Open Debate in the Openness Debate
Not long after he began his pastorate in Amsterdam in 1587, Jacob Arminius was asked to refute a pamphlet attacking the doctrine of predestination. Arminius read the document, but instead of producing the expected scathing reply, he found himself drawn to the pamphleteer's position.
John Milton, an avid pamphleteer himself, lamented 57 years later that "the acute and distinct Arminius was perverted merely by the perusing of a nameless discourse written at Delft, which at first he took in hand to confute." Yet when the British Parliament sought to censor printing, Milton argued passionately that ideas—even heretical ones—needed to be exchanged.
"That infection which is from books of controversy in religion is more doubtful and dangerous to the learned than to the ignorant," Milton wrote in his 1644 tract Areopagitica, "and yet those books must be permitted untouched by the licenser."
The advent of fast, cheap printing technologies around the time of the Reformation transformed theological discourse. But ideas had always found ways to spill out of narrow, approved channels—and they still do.
In the first major Supreme Court decision related to the Internet, Reno v. aclu in 1997, justice John Paul Stevens wrote for the majority that, "Through the use of chat rooms, any person with a phone line can become a town crier with a voice that resonates farther than it could from any soapbox. Through the use of Web pages, mail exploders [listservs], and newsgroups, the same individual can become a pamphleteer."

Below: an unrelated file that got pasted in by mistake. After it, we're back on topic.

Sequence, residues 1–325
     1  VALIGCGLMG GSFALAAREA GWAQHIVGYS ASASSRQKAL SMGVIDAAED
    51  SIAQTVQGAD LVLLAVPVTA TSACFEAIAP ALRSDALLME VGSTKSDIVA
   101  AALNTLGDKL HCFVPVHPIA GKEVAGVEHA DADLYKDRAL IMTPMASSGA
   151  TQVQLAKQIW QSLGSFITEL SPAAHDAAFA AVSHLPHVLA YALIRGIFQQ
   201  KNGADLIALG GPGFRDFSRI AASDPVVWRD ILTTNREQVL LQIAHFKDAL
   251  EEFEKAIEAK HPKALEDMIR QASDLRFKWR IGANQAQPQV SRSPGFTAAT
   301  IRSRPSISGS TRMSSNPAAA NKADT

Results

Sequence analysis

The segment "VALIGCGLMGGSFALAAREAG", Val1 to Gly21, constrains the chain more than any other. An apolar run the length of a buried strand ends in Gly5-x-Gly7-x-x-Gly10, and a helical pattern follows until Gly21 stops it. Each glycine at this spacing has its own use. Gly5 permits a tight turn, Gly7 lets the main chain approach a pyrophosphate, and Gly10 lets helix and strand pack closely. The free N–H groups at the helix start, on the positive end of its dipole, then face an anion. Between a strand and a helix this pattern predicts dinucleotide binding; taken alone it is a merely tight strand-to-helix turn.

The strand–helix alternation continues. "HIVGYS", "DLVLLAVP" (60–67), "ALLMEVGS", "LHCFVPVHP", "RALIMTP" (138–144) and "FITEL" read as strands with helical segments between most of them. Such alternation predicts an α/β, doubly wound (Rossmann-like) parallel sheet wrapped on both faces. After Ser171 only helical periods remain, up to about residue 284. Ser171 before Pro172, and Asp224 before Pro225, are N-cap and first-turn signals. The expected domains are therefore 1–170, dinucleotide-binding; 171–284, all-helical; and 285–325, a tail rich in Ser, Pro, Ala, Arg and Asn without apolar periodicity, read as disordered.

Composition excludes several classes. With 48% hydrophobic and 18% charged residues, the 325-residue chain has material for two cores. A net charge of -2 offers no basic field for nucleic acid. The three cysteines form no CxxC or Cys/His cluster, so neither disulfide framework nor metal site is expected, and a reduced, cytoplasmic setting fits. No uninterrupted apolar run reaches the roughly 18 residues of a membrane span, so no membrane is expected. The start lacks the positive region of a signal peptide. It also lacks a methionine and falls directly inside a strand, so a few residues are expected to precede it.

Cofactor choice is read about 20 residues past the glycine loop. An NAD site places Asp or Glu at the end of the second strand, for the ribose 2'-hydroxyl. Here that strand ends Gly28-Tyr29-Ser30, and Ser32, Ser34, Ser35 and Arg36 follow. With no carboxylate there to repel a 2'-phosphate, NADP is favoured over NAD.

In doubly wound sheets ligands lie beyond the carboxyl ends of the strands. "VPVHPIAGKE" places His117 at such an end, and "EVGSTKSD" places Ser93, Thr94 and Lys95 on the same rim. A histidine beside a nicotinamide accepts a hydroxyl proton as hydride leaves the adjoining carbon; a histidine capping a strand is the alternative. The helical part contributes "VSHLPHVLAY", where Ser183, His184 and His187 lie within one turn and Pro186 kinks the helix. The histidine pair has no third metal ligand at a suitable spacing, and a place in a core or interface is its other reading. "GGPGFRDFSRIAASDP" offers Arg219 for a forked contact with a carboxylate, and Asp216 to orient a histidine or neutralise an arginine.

Since that decision, scholars have explored the effects of the Internet on commerce, politics, and numerous First Amendment concerns. But how does the Internet affect theological discourse?
If there are any experts on this emerging topic, they are concentrated in the Baptist General Conference (BGC) and at Bethel (Minn.) College. Within these institutions, people at the epicenter of the "open theism" debate are learning firsthand the positive and negative power of electronic communication.
Letters about a skeptic
Open theism, the idea that God does not fully know the future because humans have not yet made the choices that will affect it, has been called everything from "an enlightening new paradigm" to "merely an extreme form of Arminianism" to "heresy." Open theism did not originate in—and is not limited to—the BGC (the Southern Baptist Convention, for instance, added an anti-open theism clause to its Faith and Message at its June 2000 meeting). But so far it has created more turmoil in the BGC than in any other Christian body.
The leading proponent of open theism in the BGC, Gregory Boyd, teaches at Bethel and pastors Woodland Hills Church in St. Paul, one of the five largest churches in the conference. Last June, he found himself fighting for his theology—and his job—as his denomination debated whether it could be open to openness.
Though Boyd had long espoused openness views, these views invited relatively little debate until five years ago, when BGC pastors started asking about this sentence in Boyd's 1994 book Letters from a Skeptic: "God can't foreknow the good or bad decisions of the people he creates until he creates these people, and they, in turn, create their decisions."
The complaints increased in volume and frequency until, in 1996, Bethel formed an internal committee to evaluate this position and its effect, if any, on Boyd's employment status. The committee found Boyd's views "within the bounds of evangelical Christian orthodoxy and compatible with the theological commitments expected of faculty members at Bethel." Boyd thus retained his teaching post.